Flu is serious for pregnant women and other high-risk people


Pregnant and extremely obese women are among those at high risk of influenza complications – including death – and should be tested and start antiviral treatment immediately if they are sick enough to be hospitalized with symptoms of influenza guidelines disclosed by the Infectious Diseases Society of America (IDSA). Outpatients who have been diagnosed with the flu and are at high risk of complications should also receive antiviral treatment as soon as possible, observe the seasonal influenza guidelines, which are published in Infectious Diseases Clinics.

The guidelines recommend the use of more recent and highly accurate molecular tests that provide results in 15 to 60 minutes instead of rapid influenza diagnostic tests (RIDTs), which produce rapid results but may be falsely negative in at least 30% of patients with influenza. Although antiviral treatment is recommended within two days of the onset of flu symptoms in people who are not at high risk of complications, the guidelines indicate that they should be prescribed for those at high risk, even if they have been ill for more than two days .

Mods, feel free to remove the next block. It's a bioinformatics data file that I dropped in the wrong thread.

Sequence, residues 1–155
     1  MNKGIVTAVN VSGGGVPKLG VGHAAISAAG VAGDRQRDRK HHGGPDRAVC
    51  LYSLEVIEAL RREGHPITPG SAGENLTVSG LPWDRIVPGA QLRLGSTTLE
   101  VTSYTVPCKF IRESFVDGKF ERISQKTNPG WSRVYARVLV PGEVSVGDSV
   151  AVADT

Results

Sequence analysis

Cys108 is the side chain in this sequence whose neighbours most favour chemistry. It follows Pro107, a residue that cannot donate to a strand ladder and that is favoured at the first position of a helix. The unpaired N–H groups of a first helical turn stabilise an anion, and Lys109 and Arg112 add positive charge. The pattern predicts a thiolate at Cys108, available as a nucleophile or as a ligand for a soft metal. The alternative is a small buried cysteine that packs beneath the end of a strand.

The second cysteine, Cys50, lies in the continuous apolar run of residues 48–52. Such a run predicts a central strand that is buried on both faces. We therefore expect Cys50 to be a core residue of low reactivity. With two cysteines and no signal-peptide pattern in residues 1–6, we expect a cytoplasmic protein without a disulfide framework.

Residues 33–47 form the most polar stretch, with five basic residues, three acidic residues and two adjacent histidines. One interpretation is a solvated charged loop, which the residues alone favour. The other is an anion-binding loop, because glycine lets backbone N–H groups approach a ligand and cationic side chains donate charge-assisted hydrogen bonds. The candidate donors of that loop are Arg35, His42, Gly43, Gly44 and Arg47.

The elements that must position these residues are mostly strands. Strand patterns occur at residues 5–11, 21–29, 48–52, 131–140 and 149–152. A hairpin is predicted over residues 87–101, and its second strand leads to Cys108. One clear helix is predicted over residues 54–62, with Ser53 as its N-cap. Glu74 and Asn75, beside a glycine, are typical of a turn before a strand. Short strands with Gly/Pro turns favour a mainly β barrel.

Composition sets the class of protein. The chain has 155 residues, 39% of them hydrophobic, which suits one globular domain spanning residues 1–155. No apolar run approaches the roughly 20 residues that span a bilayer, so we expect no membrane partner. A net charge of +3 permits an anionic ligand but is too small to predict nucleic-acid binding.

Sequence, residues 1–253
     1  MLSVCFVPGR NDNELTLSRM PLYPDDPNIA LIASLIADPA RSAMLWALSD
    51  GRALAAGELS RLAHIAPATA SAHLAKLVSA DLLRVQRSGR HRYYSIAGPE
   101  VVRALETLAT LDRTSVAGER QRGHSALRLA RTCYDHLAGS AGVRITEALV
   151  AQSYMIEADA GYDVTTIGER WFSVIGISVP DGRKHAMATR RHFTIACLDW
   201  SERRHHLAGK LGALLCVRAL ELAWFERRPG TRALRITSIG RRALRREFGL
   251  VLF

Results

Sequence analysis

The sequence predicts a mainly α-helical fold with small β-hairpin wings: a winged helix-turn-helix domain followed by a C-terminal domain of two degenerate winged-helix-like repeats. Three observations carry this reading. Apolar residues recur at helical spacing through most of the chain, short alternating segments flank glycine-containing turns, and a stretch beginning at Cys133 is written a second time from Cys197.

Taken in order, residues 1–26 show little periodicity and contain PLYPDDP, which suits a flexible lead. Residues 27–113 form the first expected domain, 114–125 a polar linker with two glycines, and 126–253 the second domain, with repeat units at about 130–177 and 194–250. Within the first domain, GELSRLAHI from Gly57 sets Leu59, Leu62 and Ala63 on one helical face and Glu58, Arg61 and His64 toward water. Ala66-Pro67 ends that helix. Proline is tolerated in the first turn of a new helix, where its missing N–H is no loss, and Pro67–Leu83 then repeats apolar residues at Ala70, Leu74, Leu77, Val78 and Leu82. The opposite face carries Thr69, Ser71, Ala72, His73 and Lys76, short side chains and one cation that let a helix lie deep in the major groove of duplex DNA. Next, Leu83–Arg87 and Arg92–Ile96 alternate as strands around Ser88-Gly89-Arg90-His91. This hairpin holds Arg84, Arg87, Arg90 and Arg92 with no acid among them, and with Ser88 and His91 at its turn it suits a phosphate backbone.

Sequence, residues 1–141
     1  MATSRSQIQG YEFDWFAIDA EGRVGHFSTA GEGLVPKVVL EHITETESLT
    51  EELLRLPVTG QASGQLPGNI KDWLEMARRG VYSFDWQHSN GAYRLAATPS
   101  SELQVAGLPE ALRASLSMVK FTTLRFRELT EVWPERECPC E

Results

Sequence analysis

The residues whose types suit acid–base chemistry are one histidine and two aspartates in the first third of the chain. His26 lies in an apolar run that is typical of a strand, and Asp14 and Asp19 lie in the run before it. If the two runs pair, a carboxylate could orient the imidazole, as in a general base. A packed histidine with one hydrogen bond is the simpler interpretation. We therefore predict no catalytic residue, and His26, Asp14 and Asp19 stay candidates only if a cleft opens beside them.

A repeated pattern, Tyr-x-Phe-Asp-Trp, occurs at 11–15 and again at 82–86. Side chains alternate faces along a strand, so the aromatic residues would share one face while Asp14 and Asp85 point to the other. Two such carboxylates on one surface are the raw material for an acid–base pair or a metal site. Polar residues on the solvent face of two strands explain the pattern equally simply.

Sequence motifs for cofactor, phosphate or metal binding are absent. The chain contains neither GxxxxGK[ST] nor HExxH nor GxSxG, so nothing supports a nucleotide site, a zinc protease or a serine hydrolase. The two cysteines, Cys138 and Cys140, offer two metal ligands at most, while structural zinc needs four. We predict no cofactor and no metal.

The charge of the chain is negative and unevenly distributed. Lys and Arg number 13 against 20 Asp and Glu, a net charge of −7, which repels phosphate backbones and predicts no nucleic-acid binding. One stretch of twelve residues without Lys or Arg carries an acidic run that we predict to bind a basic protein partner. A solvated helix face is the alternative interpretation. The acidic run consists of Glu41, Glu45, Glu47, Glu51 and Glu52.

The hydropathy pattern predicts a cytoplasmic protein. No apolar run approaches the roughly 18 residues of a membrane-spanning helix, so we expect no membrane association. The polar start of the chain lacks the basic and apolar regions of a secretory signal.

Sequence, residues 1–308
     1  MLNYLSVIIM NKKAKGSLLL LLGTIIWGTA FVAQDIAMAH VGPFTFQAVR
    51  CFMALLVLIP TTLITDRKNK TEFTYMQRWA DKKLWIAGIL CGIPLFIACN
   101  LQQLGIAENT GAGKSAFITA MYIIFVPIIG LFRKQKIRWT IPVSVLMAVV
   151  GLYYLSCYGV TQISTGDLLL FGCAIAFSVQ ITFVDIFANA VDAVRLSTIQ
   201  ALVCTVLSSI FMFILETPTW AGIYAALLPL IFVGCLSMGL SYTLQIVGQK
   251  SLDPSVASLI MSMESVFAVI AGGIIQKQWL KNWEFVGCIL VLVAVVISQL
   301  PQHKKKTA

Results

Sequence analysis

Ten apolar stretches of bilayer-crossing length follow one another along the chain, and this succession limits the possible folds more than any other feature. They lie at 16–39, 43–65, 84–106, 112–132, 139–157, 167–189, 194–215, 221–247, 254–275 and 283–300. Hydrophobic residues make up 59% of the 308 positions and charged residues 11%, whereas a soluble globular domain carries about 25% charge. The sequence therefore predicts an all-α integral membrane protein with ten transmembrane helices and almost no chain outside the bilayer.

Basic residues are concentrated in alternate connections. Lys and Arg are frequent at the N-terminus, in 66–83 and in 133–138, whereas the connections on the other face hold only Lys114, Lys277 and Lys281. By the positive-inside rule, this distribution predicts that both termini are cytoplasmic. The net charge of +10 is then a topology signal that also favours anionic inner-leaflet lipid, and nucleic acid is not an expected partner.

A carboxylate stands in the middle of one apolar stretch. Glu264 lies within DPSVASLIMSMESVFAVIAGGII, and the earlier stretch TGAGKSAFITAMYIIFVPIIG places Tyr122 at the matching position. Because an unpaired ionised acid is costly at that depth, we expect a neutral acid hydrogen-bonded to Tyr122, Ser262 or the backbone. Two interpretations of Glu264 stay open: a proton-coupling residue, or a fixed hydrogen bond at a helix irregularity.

People who are extremely obese have a body mass index (BMI) of 40 or more. Others in the high-risk category include: young children (especially those younger than 2 years); women who gave birth recently; those with a weakened immune system due to illness or medication (such as people with HIV or AIDS, cancer, who have had an organ transplant, or who are on chronic steroids); people under the age of 19 who are receiving long-term aspirin therapy; those with chronic medical conditions, including asthma, neurological disorders or neurodevelopment (such as cerebral palsy, epilepsy and stroke), heart or lung disease, renal, hepatic or metabolic disorders; and residents of nursing homes; Native Americans and Alaska Native.

"The flu can be serious, especially for the large group of high-risk people," said Timothy M. Uyeki, MD, MPH, MPP, co-chair of the guidelines committee and medical director of the Influenza Division of the National Influenza Center . Immunization and Respiratory Diseases at the Centers for Disease Control and Prevention (CDC). "Annual influenza vaccination is the best way to prevent influenza, but it is not 100% effective. High-risk people need to be encouraged to seek medical attention immediately if they develop flu-like symptoms during the flu season."

Typical signs and symptoms of influenza include fever, cough, muscle aches, chills, runny nose, and sore throat. Other symptoms may include headache and chest pain.

The guidelines point out that antiviral treatment should be started immediately in people at high risk of influenza complications being admitted to the hospital with suspected influenza, without waiting for the results of the molecular flu test. The influenza test is important because doctors are more likely to treat patients with antiviral drugs if they have a definitive diagnosis, further reducing the likelihood of inappropriate antibiotic prescribing, especially in outpatients.

If people at high risk become seriously ill with the flu, health professionals should turn to physicians with infectious diseases to provide expertise, observe the guidelines.